President Donald Trump, who since the beginning of his political career has promised to stem the flow of jobs overseas, says his trade wars are doing just that.
“Big Steel is opening and renovating plants all over the country. Auto companies are pouring into the US, including BMW, which just announced a major new plant. The USA. is booming!,” the President tweeted this week.
Is that really true?
Well, maybe. But it’s hard to tell definitively, because it turns out that offshoring — and “reshoring,” as the opposite effect of bringing jobs back into a country is known — is extremely difficult to measure with any precision.
The answer matters as Democrats line up to oppose Trump’s newly signed replacement for the North American Free Trade Agreement — and as he engages in a slow dance with Chinese leader Xi Jinping as well as European leaders over an array of trade issues at the G20 summit in Argentina.
What we do know: Manufacturing has been rebounding ever since the depths of the recession, with employment going from 11.5 million jobs in 2010 to nearly 12.8 million today. That happened for a number of reasons, including the rise of oil and gas fracking providing cheap energy and a glut of unemployed people willing to accept lower-wage jobs. Employers also face more risk in long global supply chains, and have shifted to a “just-in-time” manufacturing strategy that allows distributors to respond quickly to changing customer needs if their factories are on American soil.
Yet we also know that the trade balance in goods — the difference between what we import and what we export — has continued to widen under the Trump administration, reaching $77.2 billion in October, up from $67.7 billion at the beginning of his term and the second largest gap ever. That means American consumers and companies are buying more stuff from abroad that could be made in the US, such as automobiles.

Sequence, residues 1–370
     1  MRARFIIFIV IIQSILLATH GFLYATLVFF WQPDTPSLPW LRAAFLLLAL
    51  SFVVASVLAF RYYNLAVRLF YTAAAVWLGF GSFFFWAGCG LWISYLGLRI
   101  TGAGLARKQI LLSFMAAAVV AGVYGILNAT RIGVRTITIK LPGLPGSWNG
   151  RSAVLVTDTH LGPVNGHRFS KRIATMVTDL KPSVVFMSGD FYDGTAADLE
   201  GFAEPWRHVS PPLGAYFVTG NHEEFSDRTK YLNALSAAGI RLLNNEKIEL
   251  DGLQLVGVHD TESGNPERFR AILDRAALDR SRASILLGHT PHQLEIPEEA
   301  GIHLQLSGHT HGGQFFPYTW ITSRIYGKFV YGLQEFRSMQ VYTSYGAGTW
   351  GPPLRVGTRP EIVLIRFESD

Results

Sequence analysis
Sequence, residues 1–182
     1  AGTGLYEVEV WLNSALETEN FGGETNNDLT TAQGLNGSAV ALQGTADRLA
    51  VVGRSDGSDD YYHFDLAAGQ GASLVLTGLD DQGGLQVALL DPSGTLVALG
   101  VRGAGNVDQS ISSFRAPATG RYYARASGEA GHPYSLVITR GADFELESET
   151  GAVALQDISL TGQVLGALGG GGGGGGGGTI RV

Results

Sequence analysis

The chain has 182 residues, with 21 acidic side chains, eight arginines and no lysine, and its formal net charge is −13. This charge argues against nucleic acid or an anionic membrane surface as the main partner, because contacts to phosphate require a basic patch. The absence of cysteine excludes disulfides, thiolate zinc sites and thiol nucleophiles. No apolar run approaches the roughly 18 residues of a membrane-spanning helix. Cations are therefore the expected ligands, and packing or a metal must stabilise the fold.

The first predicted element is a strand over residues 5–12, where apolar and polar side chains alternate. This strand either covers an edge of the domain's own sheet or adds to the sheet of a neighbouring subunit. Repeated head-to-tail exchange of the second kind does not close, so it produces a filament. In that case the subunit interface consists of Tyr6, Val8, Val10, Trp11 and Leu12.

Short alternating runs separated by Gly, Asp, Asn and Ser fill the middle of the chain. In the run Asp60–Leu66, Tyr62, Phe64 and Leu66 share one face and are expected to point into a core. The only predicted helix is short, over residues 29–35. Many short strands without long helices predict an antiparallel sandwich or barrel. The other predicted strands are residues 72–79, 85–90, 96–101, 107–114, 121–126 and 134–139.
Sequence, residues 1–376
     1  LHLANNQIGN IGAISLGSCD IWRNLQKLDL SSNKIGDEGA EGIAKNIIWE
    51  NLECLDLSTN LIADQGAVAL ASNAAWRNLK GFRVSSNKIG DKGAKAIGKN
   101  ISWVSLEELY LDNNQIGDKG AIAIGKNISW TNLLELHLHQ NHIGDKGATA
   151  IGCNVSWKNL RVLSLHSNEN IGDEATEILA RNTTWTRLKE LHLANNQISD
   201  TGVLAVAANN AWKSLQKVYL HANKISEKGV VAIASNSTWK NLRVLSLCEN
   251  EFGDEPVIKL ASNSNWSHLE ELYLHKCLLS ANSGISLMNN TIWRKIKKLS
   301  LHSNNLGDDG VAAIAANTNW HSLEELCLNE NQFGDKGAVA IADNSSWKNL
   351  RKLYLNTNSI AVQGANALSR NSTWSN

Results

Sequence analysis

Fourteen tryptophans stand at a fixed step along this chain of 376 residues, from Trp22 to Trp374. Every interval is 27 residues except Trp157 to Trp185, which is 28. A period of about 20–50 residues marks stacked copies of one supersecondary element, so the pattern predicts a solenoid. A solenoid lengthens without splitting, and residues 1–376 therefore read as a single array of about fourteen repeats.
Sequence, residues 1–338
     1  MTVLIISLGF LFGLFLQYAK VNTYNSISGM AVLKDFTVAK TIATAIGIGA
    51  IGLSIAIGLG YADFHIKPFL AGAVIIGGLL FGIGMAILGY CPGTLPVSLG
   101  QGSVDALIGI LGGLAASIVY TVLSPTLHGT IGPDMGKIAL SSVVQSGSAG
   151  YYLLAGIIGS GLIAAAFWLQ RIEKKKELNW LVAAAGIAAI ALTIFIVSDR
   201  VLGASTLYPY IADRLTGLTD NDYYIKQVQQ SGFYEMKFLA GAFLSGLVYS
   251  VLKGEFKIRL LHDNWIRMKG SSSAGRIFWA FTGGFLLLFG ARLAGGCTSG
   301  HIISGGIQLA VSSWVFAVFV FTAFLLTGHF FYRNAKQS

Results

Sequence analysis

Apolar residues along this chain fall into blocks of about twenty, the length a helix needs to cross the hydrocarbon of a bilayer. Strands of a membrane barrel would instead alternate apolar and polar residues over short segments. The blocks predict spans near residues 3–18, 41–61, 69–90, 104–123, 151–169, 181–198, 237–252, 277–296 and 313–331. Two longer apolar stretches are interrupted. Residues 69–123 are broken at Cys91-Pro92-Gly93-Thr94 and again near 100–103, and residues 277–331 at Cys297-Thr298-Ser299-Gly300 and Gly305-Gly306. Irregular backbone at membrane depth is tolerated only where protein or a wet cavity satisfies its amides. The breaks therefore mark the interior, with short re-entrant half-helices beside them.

“It’s still a two-way street,” says Scott Paul, president of the Alliance for American Manufacturing, which is backed by the United Steelworkers union and manufacturers. “We still have manufacturing that is leaving the US, but you also see some reshoring.”
There is one source of data that measures offshoring explicitly: Trade Adjustment Assistance, a federal subsidy that since 1975 has been available to workers who lose jobs when companies move work overseas or simply cut production due to competition from cheaper imports. Use of the program spiked during the recession, and then receded to more normal levels.
That’s still not a perfect yardstick, however, since it’s also influenced by how generous funding for the program is and how willing states are to certify applications. It’s not very useful for real-time measurement, since application data is posted with a delay. Moreover, it misses the more gradual drift of production to other countries.
Sometimes it’s easy to tell when a job has been offshored, like when furnace and air-conditioner maker Carrier said in 2016 it would move all the work in an Indiana plant to Mexico — a plan infamously, if only partially, reversed by Trump as president-elect.
But General Motors said this week it would shut down five North American plants, plus three others elsewhere in the world, as it shrinks its sedan business in favor of light trucks and SUVs.
Other companies have similarly cited changing demand patterns. For example, United Technologies is currently winding down operations at its aerospace plant in Chula Vista, California that it bought in 2012, which will result in the loss of more than 300 jobs. The company says that the aircraft components that had been made there since the 1950s simply weren’t selling anymore.
“We haven’t found anything that’s feasible in that location,” says Stacey MacNeil, vice president of communications for UTC Aerospace Systems, the division that operates the plant.